Minni has always identified strongly with her African-American heritage. While she looks like her Irish-American dad, her family's history on her mother's side, and her African American roots, are an important part of who she is. Minni has always been jealous of the way that her twin sister, Keira, resembles their mother, with dark skin and curly, dark hair. Plus, Minni hates that when people see her with her sister, they assume that because Minni looks white and Keira doesn't, they are friends rather than sisters. She's always been told her color isn't important, but she wonders if that's really true, especially when she starts to notice some subtle and not-so-subtle ways her sister is treated differently. When their grandmother insists the two girls enter into a pageant for African-American girls, the Miss Black Pearl Preteen Pageant, Minni and Keira travel to North Carolina to compete. Minni's right to compete in the pageant is questioned, and her sister, who has always been her best friend, becomes distant. Minni is terrified to compete in the pageant and uncertain of her right to be there. Do Minni's looks matter more than who she is? Can she and her sister remain close when it seems like their skin color will always pull them apart in society's eyes? This moving, funny sister story is a satisfying read about family, defining who you are, and overcoming fears to stand up for what you believe.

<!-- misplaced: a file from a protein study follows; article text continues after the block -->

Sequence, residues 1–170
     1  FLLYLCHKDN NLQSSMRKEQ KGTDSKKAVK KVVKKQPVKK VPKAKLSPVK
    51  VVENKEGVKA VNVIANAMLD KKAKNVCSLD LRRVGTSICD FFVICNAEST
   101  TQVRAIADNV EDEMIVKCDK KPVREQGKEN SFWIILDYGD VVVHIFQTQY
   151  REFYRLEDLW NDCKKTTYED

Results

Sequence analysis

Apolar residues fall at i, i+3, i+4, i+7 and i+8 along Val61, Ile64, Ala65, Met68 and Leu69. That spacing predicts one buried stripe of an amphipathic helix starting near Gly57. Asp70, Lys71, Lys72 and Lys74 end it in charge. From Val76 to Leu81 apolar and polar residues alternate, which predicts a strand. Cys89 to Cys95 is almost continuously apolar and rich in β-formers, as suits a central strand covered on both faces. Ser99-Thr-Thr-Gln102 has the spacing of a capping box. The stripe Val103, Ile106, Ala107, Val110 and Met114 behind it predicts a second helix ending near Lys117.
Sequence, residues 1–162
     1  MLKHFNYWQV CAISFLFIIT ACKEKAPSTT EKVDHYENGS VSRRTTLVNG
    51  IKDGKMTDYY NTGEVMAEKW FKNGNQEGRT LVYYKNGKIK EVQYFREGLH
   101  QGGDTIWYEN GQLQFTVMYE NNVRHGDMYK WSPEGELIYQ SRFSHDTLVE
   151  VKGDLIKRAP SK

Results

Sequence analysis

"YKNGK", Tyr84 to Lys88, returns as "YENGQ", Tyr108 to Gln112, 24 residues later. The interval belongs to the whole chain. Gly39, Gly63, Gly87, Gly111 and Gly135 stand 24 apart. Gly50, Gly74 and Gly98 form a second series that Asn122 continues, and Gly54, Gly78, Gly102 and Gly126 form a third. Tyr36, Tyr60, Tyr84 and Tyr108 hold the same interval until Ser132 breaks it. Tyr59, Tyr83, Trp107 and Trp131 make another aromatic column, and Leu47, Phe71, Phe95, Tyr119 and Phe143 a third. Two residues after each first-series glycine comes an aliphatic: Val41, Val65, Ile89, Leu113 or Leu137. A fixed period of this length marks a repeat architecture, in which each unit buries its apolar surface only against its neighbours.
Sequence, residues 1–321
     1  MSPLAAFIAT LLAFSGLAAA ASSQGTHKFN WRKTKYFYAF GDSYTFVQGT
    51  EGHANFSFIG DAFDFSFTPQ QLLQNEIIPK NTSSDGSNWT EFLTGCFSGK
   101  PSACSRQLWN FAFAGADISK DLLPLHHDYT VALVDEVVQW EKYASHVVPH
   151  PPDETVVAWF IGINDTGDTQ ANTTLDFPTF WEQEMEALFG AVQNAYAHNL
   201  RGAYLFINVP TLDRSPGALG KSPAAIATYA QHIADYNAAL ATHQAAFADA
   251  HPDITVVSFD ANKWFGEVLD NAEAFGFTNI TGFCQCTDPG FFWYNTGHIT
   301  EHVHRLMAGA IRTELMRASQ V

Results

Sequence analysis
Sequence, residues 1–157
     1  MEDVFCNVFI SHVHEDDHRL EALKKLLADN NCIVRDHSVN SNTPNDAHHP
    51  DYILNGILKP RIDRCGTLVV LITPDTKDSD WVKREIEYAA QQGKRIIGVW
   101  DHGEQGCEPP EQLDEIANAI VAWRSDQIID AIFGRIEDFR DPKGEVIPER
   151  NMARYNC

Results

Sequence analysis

Date read: 1/24/2013